Preparing pullet houses to receive chicks
Many steps and tasks are involved in making a
house acceptable for new pullets.
John Brown DVM, MAM
In the days leading up to chick deliv- ery, managers must prepare to receive the consignment. This requires planning and attention to detail.
Preparation for receiving the next
;ock should begin the moment the previous ;ock of pullets is moved to the layer
house. Loose pullets that may have escaped the moving crew must be caught
and humanely disposed of. Sanitation is
the primary consideration in the preparation of a house to receive the next ;ock of
chicks. Dust and cobwebs must be blown
down from rafters, ceiling, equipment
and the walls.
All organic material, including dead
birds, manure and remaining feed in the
feed lines, hoppers and feed bins must be
removed and disposed of in a remote location and not dumped near the entrance
to the house. Any equipment that can be
removed from the house should be removed, sanitized, and stored in a clean
storage area during the cleanout period.
The house must be washed down with
hot water and detergent using a high pres-
gain access, since they serve as reservoirs
of numerous infections which can impact
;ocks. After a thorough wash- down,
the clean house should be disinfected
using a low-pressure sprayer or a fog-ger to dispense a quaternary ammonium
compound in accordance with the manufacturer’s statutory label instructions. If
required, an approved insecticide can be
dispersed before placement of clean litter
in ;oor systems. Special provisions are
required for organic ;oor ;ocks to conform to the requirements of the National
The area surrounding the pullet house
must be cleaned. Trash and remaining
litter must be removed to prevent retracking of pathogens into the house. All
vegetation growing close to the house
must be clipped to ground level and grass
must be mowed. The concrete aprons and
perimeter areas surrounding the building
should be disinfected.
Rodent bait in approved receptacles
should be placed outside the house and in
work areas and storage stations inside the
pullet house. Ideally preparations should
be completed a few days prior to the arrival of the chicks. Down time is very
bene;cial in allowing bacteria and viruses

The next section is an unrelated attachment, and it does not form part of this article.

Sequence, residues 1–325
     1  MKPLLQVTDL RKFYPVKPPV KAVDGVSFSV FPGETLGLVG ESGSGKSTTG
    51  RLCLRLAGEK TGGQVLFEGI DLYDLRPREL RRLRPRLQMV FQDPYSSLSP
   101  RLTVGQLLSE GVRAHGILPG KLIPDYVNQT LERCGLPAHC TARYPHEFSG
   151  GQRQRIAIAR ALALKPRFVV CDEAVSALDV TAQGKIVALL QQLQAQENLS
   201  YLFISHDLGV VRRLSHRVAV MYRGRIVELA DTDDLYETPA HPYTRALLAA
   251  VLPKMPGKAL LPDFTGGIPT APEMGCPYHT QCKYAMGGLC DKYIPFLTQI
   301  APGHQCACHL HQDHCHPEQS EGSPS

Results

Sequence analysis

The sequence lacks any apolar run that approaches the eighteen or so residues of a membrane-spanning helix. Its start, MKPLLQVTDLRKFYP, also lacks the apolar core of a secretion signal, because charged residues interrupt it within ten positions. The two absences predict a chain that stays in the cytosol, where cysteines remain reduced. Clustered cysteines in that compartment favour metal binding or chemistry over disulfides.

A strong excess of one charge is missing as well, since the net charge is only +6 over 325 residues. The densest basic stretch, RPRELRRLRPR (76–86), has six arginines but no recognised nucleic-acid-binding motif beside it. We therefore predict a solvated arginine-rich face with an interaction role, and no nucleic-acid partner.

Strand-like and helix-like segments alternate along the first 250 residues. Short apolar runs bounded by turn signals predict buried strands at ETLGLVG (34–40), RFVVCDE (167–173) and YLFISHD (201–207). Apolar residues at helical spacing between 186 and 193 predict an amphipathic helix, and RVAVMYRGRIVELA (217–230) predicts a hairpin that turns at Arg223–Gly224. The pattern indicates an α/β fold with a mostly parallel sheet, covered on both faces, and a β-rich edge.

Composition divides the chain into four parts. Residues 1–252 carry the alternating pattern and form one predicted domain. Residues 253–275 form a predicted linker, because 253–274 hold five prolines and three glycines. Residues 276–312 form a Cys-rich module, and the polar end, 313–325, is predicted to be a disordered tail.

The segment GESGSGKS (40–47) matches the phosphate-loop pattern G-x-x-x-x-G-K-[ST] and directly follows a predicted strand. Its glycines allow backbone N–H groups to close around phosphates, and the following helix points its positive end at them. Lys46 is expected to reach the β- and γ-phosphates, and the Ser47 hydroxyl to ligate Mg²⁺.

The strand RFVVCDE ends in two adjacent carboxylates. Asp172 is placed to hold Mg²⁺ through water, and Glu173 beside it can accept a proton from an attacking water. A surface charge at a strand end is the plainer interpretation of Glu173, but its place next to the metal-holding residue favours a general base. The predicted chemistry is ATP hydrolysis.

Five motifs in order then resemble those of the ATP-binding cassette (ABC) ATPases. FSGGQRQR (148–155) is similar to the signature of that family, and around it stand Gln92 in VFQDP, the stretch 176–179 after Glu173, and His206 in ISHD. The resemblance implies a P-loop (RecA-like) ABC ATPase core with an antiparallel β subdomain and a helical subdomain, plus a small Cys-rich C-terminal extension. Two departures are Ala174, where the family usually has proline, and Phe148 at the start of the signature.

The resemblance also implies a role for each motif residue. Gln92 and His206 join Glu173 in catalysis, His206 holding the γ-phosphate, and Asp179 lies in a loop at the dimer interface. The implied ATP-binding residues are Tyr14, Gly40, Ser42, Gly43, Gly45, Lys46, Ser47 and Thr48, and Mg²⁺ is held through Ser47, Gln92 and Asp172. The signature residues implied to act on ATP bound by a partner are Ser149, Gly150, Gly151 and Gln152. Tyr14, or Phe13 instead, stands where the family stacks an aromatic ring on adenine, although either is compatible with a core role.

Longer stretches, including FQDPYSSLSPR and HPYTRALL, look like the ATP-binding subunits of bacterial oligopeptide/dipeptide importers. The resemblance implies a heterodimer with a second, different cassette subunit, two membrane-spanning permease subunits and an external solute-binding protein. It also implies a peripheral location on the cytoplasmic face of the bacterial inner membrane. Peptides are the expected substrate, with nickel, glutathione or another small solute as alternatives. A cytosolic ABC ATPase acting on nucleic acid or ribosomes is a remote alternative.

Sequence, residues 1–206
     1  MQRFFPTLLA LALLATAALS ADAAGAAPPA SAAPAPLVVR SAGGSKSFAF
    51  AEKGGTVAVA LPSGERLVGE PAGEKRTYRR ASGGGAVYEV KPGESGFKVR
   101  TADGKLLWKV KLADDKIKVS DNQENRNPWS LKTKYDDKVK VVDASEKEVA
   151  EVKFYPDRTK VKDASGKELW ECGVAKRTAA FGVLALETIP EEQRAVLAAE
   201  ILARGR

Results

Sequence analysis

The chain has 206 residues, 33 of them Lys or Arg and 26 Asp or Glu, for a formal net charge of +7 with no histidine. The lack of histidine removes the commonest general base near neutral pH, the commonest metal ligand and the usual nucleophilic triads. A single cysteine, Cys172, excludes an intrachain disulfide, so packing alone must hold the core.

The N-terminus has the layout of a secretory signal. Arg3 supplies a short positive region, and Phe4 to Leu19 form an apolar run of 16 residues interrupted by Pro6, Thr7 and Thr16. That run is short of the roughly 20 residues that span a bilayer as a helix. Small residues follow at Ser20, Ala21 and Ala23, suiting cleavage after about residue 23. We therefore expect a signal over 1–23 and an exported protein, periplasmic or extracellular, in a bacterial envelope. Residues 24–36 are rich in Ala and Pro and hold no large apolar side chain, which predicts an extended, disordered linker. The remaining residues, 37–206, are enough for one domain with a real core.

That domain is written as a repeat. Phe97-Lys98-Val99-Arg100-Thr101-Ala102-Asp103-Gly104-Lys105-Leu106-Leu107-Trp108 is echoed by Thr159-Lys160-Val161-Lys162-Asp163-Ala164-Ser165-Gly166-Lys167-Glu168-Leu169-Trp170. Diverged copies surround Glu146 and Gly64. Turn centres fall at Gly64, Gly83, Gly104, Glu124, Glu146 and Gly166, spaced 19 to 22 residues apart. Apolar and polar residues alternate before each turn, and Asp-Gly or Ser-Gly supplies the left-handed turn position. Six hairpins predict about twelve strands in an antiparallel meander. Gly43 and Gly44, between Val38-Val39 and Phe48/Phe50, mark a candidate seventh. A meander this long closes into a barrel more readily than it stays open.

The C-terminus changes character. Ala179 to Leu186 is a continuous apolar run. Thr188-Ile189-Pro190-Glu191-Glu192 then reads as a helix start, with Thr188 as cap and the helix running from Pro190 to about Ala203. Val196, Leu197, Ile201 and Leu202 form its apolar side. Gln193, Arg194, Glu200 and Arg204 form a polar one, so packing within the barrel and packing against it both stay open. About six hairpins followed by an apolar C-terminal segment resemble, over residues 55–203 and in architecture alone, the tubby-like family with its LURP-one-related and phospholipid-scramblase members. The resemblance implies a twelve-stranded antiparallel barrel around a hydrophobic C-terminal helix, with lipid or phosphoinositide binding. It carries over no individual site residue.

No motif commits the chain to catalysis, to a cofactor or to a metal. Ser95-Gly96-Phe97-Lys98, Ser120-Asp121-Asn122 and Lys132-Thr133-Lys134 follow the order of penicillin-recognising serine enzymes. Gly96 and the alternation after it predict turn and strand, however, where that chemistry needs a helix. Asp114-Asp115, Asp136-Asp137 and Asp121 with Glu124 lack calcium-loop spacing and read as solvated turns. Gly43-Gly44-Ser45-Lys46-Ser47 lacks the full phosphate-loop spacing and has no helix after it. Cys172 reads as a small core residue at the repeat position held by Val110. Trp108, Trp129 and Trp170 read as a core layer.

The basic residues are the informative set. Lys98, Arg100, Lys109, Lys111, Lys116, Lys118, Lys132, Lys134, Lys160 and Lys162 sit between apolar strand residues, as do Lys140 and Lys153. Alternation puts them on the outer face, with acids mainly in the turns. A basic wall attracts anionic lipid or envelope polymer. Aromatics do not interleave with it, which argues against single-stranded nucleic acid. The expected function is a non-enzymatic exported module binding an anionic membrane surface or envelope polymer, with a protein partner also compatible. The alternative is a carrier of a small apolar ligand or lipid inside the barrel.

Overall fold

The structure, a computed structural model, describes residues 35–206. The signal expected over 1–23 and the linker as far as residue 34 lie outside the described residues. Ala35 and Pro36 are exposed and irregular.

that were not killed by the cleaning and
disinfection procedure to loose virulence.
All cleaned equipment should be repaired as necessary, reassembled, reinstalled and tested. Electrical and watering installations must be tested.
Approximately 24 hours before the
scheduled arrival of the chicks, house
temperature should be raised to the recommended level. The air in the house will
be at the desired temperature long before
the cages or ;oor will attain an acceptable
To read advice on how to
properly manage pullets & hens visit
level, thus requiring a prolonged period
of heating prior to placement of the ;ock.
Rolls of chick paper must be placed on
the ;oor of cages especially in the vicinity of nipples and a small amount of feed
should be sprinkled on the paper before
the chicks arrive. The feed troughs must
be completely full to attract the chicks to
the feeder system. The complete watering system including all nipples must be
checked to con;rm normal function with
an acceptable rate of delivery.
High intensity ( 3-5 foot candles) of
lighting is very important to help the
young chick to locate feed and water.
During the ;rst two days 22 hours of
light is recommended. If starting chicks
in cages on two levels, ensure that house
lighting illuminates the nipples on both
levels. Lighting control clocks should be
set to the recommended program.
Starting chicks in a clean, warm, bright
environment will allow the ;ock to attain
a strong start. EI
Pullet houses must be detail cleaned after
old chicks go and before new consignments arrive.
16 • Industry Egg • October 2009 • www.WATTAgNet.com
sure sprayer to thoroughly remove any
remnants of organic matter. Water lines
should be ;ushed and then charged with
a strong sanitizing agent and allowed to
remain in piping for at least 24 hours before re-;ushing with potable water. All
necessary repairs to the building must be
completed, paying close attention to areas where rodents or free-;ying birds may
Dr. John Brown earned his DVM from
Auburn University in 1982 and an MAM
from the University of Georgia in 1984.
He has been involved in the egg production industry since this time as a ;eld
technical service veterinarian af;liated
with DeKalb and Centurion advising on
aspects of disease prevention and management of pullet and laying ;ocks.